New Findings Confirm Predictions on Physician Shortage
The latest report on the physician workforce confirms what we’ve been hearing: America doesn’t have enough doctors to meet demand and ensure high-quality patient care—and the physician shortage is only going to get worse.
The United States will see a shortage of up to nearly 122,000 physicians by 2032 as demand for physicians continues to grow faster than supply, according to new data published April 23, 2019 by the AAMC (Association of American Medical Colleges). The projected shortfall is similar to past
projections and ranges from 46,900 to 121,900 physicians.
“The nation’s population is growing and aging, and as we continue to address population health goals like reducing obesity and tobacco use, more Americans will live longer lives. These factors and others mean we will need more doctors,” said AAMC President and CEO Darrell G. Kirch, MD. “Even with new
ways of delivering care, America’s doctor shortage continues to remain real and significant.”
Conducted by the Life Science division of IHS Markit, a global information company, this fifth annual study,
The Complexities of Physician Supply and Demand: Projections from 2017-2032, includes scenarios that have been refined and updated based on input from stakeholders, and new modeling that examines the impact of emerging health care delivery trends on physician shortages.
Key findings from the AAMC
- The projected
shortage of between 46,900 and 121,900 physicians by 2032 includes:
o Primary care physician shortage - between 21,100 and 55,200;
o Specialty care physician shortage - between 24,800 and 65,800. These projections include shortages of between 1,900 and 12,100 medical specialists, 14,300 and 23,400 surgical specialists, and 20,600 and 39,100 other specialists, such as pathologists, neurologists, radiologists, and psychiatrists.
- The major factor
driving demand for physicians continues to be a growing, aging population.
According to the U.S. Census Bureau, the nation’s population is estimated to grow by more than 10% by 2032, with those over age 65 increasing by 48%. Additionally, the aging population will affect physician supply, since one-third of all currently active doctors will be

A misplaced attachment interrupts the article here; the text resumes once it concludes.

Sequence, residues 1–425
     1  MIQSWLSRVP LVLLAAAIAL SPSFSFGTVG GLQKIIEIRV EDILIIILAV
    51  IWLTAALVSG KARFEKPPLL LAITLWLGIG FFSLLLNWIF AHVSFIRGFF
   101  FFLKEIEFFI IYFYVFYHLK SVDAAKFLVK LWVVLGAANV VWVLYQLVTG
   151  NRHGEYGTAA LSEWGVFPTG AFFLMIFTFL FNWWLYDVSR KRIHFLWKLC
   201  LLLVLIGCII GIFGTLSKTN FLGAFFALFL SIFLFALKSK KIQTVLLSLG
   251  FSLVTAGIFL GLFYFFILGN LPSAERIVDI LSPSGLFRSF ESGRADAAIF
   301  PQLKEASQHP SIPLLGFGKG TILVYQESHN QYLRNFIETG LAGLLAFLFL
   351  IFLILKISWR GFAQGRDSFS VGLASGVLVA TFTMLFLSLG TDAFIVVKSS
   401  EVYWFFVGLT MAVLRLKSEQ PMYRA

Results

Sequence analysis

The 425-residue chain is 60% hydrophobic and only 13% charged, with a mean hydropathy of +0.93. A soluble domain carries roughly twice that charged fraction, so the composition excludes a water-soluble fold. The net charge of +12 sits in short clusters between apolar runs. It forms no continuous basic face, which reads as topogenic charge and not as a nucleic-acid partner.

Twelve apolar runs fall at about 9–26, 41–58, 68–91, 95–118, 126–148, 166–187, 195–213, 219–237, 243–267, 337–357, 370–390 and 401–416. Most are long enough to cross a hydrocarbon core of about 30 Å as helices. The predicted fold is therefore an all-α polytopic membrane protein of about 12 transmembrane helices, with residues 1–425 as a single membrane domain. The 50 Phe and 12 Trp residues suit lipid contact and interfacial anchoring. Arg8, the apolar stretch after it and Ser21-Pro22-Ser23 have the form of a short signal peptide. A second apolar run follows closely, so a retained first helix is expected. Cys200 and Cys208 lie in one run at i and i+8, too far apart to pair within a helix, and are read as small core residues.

older than 65 in the next decade. When these physicians decide to retire could have the greatest impact on supply.
- The supply of
physician assistants (PAs) and advanced practice registered nurses (APRNs)
is projected to continue to increase. The report models their role in providing health care. Further research is required on the types of services these professionals are providing, and if, or at what point, the supply of PAs and APRNs will become saturated.
- Emerging health
care delivery trends designed to improve overall population health do not
have a significant effect on physician shortage projections. The report’s first-time analysis of emerging health care delivery trends, including providing better care coordination across settings, reducing unnecessary hospitalizations and emergency visits, increasing use of
advanced practice providers, reducing obesity and tobacco use, and applying managed care models and risk sharing agreements such as Accountable Care Organizations, only reduced demand for physicians by 2032 by 1%. This analysis is presented as new work and will be refined further
before being included in future overall shortage estimates.
- The United States
would need an additional 95,900 doctors immediately if health care use
patterns were equalized across race, insurance coverage, and geographic
location. This shortage would be in addition to the number of providers necessary to meet
demand in Health Professions Shortage Areas (HPSAs) as designated by the Health Resources and Services Administration. This additional demand was not included in the production of the overall shortage ranges.
- While rural and
historically underserved areas may experience the shortages more acutely,
the need for more physicians will be felt everywhere. The overall supply of physicians will need to increase more than it is currently projected to in order to meet this demand.
To help address the physician shortage, the bipartisan Resident Physician Shortage Reduction Act of 2019 (
H.R. 1763) has been introduced in Congress to provide increased Medicare support for an additional 3,000 new residency positions each year over the next five years. The AAMC and other physician groups support this legislation as one part of the solution, “to ensure Americans
have access to the care they need when they need it,” Kirch said.
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